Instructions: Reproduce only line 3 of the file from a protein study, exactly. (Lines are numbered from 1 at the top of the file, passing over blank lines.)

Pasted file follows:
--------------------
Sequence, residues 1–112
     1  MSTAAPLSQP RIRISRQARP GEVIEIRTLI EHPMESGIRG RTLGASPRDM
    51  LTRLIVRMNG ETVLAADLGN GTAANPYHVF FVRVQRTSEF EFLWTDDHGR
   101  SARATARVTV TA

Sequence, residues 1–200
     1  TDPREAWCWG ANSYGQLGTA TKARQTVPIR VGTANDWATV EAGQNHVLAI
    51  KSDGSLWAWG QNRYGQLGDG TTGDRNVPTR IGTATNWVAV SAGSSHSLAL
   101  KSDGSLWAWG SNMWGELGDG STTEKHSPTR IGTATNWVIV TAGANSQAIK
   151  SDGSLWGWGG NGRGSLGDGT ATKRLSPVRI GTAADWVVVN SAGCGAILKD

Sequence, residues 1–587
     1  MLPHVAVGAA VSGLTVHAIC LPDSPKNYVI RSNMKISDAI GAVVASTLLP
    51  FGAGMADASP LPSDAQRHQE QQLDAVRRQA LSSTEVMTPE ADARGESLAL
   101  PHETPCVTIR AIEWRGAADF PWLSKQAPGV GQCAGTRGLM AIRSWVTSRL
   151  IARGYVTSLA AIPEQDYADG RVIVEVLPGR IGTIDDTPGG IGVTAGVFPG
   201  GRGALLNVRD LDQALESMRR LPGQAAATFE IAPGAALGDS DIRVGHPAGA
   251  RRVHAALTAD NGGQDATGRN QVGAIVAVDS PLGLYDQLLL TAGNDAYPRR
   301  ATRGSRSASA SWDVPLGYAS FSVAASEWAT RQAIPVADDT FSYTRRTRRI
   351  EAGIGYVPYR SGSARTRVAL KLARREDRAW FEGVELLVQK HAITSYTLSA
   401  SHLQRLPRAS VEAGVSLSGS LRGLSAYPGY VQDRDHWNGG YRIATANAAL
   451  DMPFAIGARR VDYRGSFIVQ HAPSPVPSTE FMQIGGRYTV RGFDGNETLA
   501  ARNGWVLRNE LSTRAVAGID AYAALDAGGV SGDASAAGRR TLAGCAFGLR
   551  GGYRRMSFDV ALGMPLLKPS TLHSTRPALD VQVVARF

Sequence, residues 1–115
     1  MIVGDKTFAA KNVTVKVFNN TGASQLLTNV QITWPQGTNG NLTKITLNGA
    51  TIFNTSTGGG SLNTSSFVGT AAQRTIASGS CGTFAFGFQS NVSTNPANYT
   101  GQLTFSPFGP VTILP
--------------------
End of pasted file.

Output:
    51  LTRLIVRMNG ETVLAADLGN GTAANPYHVF FVRVQRTSEF EFLWTDDHGR